Tyson Fury was at the centre of a furious outburst as the cruellest night of his cousin Hughie's career ruined plans for a unification fight with Anthony Joshua.
Joshua had just announced himself as the new ruler of the heavyweight division, having toppled Wladimir Klitschko at Wembley to add the WBA belt to his IBF title.
What's next? A recurring question for Britain's new star, even back then, and belt holders in the past and present were being scrutinised as likely rivals.
Tyson Fury had lost all his titles and added alarming weight during a worrying exile from the ring and he would be a passionate spectator as Hughie sought to bring the WBO belt back to the family.
"We could have picked the right fights for him and the AJ fight could have come about when the time was right," promoter Mick Hennessy told Sky Sports, while reflecting on a points verdict that provoked a raw post-fight reaction from him.
It was Hughie, not Tyson, that was being talked about as a future opponent for Joshua, if the 23-year-old could overcome WBO champion Joseph Parker in September 2017.
Father and trainer Peter Fury felt it was Hughie's turn to prove himself, just under two years after he had guided Tyson to a world title triumph over Klitschko.
"He's ready to face these kind of fights and there's no reason why they can't happen," Peter Fury told Sky Sports News. "He'd be the most technically proficient fighter Joshua has faced by a mile."
Hennessy had a promotional plan laid out for his unbeaten young contender, which would have given him time to adjust to his new status as a world champion before taking a lucrative showdown against Joshua, with three belts at stake.
"Where his confidence was going and what that fight would have done for him, if he was given the right decision, he wouldn't have been that far off an AJ fight."
But the younger Fury has remained on the edges of the grandest heavyweight stage ever since.
A dispute about a 'neutral referee' had spilled over in a bad-tempered press conference, although it was the judges who would come under scrutiny after the fight.
Parker's fist was raised following 12 rounds, much to the dismay of Hughie's team, with one supporter even ripping the belt away from the celebrating Kiwi.
Two score totals of 118-110 were gratefully received by Parker, although the third tally of 114-114 was a closer indication of a fight that many at ringside felt had been dictated by Fury.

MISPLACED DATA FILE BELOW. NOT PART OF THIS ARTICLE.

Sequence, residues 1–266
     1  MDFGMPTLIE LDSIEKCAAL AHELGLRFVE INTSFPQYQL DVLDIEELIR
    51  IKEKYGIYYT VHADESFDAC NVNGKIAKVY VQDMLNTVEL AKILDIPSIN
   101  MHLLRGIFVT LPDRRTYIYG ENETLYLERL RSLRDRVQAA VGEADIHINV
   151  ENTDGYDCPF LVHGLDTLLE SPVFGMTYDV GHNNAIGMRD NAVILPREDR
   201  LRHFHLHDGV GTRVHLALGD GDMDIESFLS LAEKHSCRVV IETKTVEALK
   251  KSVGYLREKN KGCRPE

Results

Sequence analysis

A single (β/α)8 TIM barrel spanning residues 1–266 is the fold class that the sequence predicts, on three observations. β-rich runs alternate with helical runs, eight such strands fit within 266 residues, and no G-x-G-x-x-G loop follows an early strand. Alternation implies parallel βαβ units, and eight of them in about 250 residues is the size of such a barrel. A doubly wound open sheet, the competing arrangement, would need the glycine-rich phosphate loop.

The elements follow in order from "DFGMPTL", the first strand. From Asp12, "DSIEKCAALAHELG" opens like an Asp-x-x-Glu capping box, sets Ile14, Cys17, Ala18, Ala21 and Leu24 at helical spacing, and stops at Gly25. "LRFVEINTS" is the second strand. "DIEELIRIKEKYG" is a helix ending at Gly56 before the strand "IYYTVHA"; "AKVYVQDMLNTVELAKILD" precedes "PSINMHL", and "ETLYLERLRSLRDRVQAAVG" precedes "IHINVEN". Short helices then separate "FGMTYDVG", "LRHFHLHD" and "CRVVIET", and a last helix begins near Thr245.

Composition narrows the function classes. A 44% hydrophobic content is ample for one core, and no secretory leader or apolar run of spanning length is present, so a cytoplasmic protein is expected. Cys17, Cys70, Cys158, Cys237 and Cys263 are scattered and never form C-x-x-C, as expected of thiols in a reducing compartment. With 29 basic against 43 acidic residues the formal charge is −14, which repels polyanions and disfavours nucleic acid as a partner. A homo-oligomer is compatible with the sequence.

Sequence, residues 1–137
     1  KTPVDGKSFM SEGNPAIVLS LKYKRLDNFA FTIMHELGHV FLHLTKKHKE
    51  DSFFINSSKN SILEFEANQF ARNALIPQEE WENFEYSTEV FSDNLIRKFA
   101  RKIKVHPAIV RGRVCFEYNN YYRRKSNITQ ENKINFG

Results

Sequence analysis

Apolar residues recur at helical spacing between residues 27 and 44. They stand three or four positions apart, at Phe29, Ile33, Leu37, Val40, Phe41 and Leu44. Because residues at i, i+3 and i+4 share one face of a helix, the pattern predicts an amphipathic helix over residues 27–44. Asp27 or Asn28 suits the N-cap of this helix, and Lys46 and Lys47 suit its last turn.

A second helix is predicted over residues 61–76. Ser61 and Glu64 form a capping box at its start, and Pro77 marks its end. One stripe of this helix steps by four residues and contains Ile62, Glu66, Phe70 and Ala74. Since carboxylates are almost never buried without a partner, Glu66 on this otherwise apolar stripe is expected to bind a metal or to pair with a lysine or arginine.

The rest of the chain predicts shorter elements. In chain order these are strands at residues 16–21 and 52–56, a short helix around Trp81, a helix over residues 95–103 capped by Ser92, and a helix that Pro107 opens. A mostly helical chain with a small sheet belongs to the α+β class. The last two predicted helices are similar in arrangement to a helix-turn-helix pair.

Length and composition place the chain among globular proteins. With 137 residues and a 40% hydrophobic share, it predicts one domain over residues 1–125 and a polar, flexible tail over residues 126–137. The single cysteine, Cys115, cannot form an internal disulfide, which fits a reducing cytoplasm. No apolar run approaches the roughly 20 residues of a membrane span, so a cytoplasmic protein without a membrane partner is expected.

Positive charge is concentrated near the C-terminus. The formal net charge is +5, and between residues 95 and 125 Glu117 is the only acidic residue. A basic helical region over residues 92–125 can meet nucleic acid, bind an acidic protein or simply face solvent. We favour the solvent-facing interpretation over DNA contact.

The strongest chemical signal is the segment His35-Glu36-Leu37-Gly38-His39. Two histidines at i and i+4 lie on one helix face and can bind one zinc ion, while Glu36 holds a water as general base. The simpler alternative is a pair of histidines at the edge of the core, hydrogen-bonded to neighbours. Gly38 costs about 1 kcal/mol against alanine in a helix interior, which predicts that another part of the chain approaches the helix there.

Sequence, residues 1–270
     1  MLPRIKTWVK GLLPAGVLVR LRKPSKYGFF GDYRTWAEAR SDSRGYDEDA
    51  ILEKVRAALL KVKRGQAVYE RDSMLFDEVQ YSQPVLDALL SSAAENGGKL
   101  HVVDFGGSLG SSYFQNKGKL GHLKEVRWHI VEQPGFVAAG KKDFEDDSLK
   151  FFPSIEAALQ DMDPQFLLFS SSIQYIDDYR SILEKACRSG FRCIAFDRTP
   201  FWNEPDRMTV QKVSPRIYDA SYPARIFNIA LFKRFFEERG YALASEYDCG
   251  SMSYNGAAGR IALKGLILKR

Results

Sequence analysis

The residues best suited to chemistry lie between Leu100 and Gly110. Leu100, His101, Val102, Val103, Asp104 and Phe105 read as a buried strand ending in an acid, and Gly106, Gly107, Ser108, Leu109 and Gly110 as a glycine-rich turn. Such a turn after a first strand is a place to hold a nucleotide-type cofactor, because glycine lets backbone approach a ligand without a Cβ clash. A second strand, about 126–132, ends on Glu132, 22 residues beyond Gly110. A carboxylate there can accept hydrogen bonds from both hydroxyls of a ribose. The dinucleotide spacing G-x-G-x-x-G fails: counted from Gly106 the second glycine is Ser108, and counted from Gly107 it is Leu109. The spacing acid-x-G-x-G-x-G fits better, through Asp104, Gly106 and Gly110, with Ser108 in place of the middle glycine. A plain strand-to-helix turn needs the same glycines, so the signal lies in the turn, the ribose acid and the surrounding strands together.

"I was a little bit nervous after the first card and then very massively relieved when the final card came through," Parker's promoter David Higgins had told Sky Sports after the scores were announced.
"I thought Joseph won a close fight, because he put the pressure on and was more active coming forward and we thought that some of Fury's punches maybe shouldn't have been scored, or whatever."
Hennessy was outraged, uttering words of disbelief, 'Can someone tell me what's going on?'
"You've seen my reaction. I couldn't believe it. Sometimes you have to sit ringside to see a fight.
"For me, it was so clear cut. I just didn't think that could be done to him on the night. I just didn't think it was an option. To do what they done, for me that was brutal and that was wrong to do it to a young fighter."
Parker retained his WBO belt, despite an appeal to the governing body by Hennessy, and would battle Joshua at the Millennium Stadium, suffering a unanimous decision loss that ended his reign.
For Hughie, there was harsh disappointment and bloody defeat.
A world title fight with Joshua was in touching distance again, only for Hughie to be hampered by a gaping cut during a points loss to Kubrat Pulev in an IBF final eliminator in Bulgaria.
Another decision defeat, this time to Alexander Povetkin, forced Fury and father Peter to rebuild his belief and technique.
If he had become world champion, like he deserved, I think everything would have gone to another level very quickly.
"This is how cruel life can be sometimes. He won that fight," said Hennessy.
"To me, that was crazy. If he had become world champion, like he deserved, I think everything would have gone to another level very quickly. His confidence, everything.
"Instead he had to deal with what he had to deal with and it just brings things really down, and reality kicks in, and everything around it."
Joshua and Tyson Fury are seemingly set to share the ring this year, in one of the most significant heavyweight fights in the sport's history, with the winner becoming undisputed world champion.
Belts could then be scattered in the future, amid conflicting orders from governing bodies, and contenders like Hughie Fury could receive another title shot, years after missing out on Joshua.
"I think you would have seen something special if that would have happened, because Hughie's confidence levels would have gone through the roof," said Hennessy.
"He would have relaxed that he had reached his goal, which he wants so bad.
"He's just waiting in the wings. Belts are going to become available at some time and Hughie will definitely become world champion.
"I've always said it, and he will become a heavyweight world champion."